In plant pathology, low temperature preparation techniques now appear to be feasible methods to stabilize the dynamic ultrastructure of the host-(plant)-pathogen (fungi) interaction for an analysis by transmission electron microscopy. A well defined ultrastructure of small organisms (fungi) and large biological samples such as plant material and as well as the plant-pathogen (fungus) infection sites are presented. The mesophyll tissue of Arabidopsis thaliana is characterized by homogeneously structured cytoplasm closely attached to the cell wall. Infection sites of stem rust (Puccinia graminis f. sp. tritici) on primary leaves of wheat (Triticum aestivum) and powdery mildew (Erysiphe graminis f.sp. hordei) on coleoptiles of barley (Hordeum vulgare) are analyzed with regard to the fine structural preservation of the haustoria, the extrahaustorial matrix and the extrahaustorial membrane. Recent data on the immunocytochemical characterization of freeze substituted rust and powdery mildew infected plant tissue are described with special emphasis on the localization of elicitor glycoproteins involved in the cellular host-parasite interaction. There is clear evidence for the release of the elicitor glycoprotein into the extrahaustorial matrix of the haustorial complex. No elicitor molecules are seen in the plant host cytoplasm.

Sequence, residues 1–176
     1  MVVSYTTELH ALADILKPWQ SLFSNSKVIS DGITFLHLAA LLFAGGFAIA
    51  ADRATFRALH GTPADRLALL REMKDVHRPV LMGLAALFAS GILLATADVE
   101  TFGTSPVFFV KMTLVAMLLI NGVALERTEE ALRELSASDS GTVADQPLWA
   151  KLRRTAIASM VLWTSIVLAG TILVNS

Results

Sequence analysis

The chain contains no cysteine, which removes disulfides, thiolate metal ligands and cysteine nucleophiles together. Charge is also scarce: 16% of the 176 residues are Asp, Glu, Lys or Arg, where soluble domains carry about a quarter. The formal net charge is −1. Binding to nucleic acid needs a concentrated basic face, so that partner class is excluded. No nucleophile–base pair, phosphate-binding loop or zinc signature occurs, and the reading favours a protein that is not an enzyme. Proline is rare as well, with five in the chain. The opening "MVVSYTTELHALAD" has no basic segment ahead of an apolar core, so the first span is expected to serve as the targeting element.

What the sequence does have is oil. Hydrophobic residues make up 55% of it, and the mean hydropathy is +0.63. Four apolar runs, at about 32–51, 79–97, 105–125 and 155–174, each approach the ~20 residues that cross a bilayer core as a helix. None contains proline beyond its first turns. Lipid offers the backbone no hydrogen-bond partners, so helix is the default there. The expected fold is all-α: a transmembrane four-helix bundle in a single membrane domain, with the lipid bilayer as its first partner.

"Low Temperature Techniques as a Tool in Plant Pathology,"
Scanning Microscopy: Vol. 9
, Article 23.
Available at: https://digitalcommons.usu.edu/microscopy/vol9/iss3/23